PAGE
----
17 - 24 May 2015 Goshen, IN - South Bend, IN - Mishawaka, IN - Elkhart, IN

  This past Sunday,17 May, marked our 3rd week as RV-ers; 2 of which were spent in a “controlled environment” among other motor coach owners, most of whom were very seasoned. Now we’ve been launched and are on our own.  We’ve learned so very much but when you know nothing, any sniglet of knowledge is a milestone.

     My apologies for speaking disparagingly of Ohio’s and Indiana’s highways but the only positive thing I can attribute to them is that they’re excellent for the alignment and tire industry.  If they are tooth-rattling on our Michelins, I can’t imagine what brain trauma one would sustain if they are riding on cheap tires.

     Our first week out we attended what is called the “6 Day Maintenance Session” in Goshen, IN.  We couldn’t fathom what so many days would encompass and thought we could probably build one from the Michelins up in that period of time. That was the best thing we could’ve ever done and most especially since we were just beginning this new adventure.  There were vendors there representing any and everything anyone could possibly have on their coach and either for a fee or NO fee, they’d come aboard and check our the system that they support and for which they provide maintenance. Those 6 days proved to be so excellent for us, not only in the information provided but also regarding things needing attention that we didn’t even know were ‘accoutrements’ that necessitated an inspection.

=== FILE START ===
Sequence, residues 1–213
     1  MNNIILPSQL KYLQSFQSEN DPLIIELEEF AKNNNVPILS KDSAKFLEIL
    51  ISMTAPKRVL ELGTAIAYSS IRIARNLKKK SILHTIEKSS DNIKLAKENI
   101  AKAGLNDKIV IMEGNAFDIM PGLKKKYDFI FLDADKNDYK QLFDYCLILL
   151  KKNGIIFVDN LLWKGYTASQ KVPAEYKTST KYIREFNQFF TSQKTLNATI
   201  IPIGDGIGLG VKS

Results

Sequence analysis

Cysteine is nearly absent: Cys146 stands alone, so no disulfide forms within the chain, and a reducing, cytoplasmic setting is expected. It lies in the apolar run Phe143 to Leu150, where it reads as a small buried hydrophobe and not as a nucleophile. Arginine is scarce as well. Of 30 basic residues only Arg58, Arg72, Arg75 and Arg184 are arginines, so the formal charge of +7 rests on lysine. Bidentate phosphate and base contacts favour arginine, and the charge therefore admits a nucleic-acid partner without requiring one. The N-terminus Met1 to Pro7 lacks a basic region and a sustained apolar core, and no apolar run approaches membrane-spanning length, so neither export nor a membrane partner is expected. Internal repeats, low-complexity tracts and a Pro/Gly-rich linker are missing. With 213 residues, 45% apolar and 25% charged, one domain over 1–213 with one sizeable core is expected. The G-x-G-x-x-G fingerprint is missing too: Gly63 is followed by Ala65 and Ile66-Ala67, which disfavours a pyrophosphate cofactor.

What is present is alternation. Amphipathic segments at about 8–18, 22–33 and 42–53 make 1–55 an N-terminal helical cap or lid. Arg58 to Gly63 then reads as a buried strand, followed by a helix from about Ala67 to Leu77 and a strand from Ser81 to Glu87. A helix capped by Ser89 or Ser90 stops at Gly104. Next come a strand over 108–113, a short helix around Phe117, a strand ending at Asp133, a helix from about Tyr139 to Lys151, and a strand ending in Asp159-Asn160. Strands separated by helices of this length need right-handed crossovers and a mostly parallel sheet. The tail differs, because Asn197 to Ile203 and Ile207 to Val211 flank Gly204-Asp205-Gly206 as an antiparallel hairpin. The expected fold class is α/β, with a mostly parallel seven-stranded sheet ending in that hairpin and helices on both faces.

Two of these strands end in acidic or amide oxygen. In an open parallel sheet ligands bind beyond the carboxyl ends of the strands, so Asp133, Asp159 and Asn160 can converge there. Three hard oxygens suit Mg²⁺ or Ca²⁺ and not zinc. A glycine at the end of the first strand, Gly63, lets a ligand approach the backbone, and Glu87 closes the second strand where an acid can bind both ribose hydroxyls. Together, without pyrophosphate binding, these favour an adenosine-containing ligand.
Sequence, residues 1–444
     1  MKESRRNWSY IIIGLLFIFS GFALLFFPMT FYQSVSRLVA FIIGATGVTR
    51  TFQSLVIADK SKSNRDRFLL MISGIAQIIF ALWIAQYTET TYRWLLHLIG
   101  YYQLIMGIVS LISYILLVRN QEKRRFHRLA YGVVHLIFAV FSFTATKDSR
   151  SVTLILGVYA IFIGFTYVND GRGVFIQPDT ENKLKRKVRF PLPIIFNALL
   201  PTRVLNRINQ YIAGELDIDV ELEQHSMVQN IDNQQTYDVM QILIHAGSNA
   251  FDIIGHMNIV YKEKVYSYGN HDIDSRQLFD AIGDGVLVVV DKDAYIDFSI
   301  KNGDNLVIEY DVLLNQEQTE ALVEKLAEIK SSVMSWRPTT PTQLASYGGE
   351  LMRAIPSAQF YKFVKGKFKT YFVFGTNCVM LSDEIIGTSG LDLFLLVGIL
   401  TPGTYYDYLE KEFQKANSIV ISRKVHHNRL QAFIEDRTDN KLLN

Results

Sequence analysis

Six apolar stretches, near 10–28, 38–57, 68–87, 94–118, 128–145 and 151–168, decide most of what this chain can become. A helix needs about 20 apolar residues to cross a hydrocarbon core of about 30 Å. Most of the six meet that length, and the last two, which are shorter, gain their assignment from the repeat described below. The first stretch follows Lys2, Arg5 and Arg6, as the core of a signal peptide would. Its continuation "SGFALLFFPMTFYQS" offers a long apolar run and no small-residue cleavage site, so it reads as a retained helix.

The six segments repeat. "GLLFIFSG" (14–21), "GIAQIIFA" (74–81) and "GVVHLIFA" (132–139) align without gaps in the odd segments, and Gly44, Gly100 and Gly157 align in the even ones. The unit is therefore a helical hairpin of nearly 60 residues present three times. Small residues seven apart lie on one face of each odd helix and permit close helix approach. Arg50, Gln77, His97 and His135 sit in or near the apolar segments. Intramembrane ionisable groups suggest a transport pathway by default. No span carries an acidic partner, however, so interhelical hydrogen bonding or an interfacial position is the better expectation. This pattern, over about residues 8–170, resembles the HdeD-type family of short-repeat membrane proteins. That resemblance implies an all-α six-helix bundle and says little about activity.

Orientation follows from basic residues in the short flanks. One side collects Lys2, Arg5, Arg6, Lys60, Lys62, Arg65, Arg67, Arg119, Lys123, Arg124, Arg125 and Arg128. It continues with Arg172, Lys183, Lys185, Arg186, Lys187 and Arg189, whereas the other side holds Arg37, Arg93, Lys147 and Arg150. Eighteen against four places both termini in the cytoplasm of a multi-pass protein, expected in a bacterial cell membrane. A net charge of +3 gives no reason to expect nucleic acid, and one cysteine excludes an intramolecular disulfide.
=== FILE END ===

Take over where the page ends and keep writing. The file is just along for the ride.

We’re spending some time in South Bend and surrounding areas learning that South Bend isn’t the metropolis that we thought it was but just a smallish mid-western town.  Who’d have thought  Mishawaka, IN, would be a semi-metropolis——big enough to rate an Apple Store??!!  Since being in this area for several days, we’ve become quite fond of Mishawaka!  Three of those days have found us in their Apple store—-broadening our horizons. 

     Both of us were eager to see Notre Dame’s campus and, by some fluke we arrived just at the end of their graduation ceremony.  We got a thrill out of the pride showing on the faces of parents and the expressions of relief, excitement, and anticipation on the countenance of the cap and gown clad young leaders of our future.  We saw many honor cords.  Entrance requirements for undergrad is stringent.  Last year there were 18,000 applicants and only 2,000 enrolled for their freshman year.  54% of those ranked in the top 2% of their high school graduating class and 98% ranked in the top 10%.  

      The campus is magnificently beautiful and perfectly manicured with a Duke’s mixture of architecture ranging from historically old to nondescript tasteless modern.  There were countless people at the Grotto and the lighted candles cast such a warm and hopeful glow.  Photos don’t portray the real beauty of the gold dome nor the interior of the basilica.

     High on Bill’s Bucket List was to go to the Studebaker Museum in South Bend.  He painstakingly covered all 3 floors and can’t cease his raves about it.

     We spent this past weekend at beautiful Potato Creek State Park, IN.  This was our first camping experience in a real campground.  There  were parents with their young children camping in tents, pop-ups, 5th wheels, and motor coaches. We enjoyed sitting outdoors watching kids running around, riding bikes, playing ball, and just being children doing what kids did 40-50 years ago.       The sounds of their laughter and watching as they reveled in an unused spring day was such a refreshment and a soothing break from all of us being so immersed in our techy age.  Each campsite had a fire ring and everyone around us was using theirs from the time they arose until bedtime—so we didn’t need to be hunters and gatherers to suck in the wonderful aroma of wood smoke.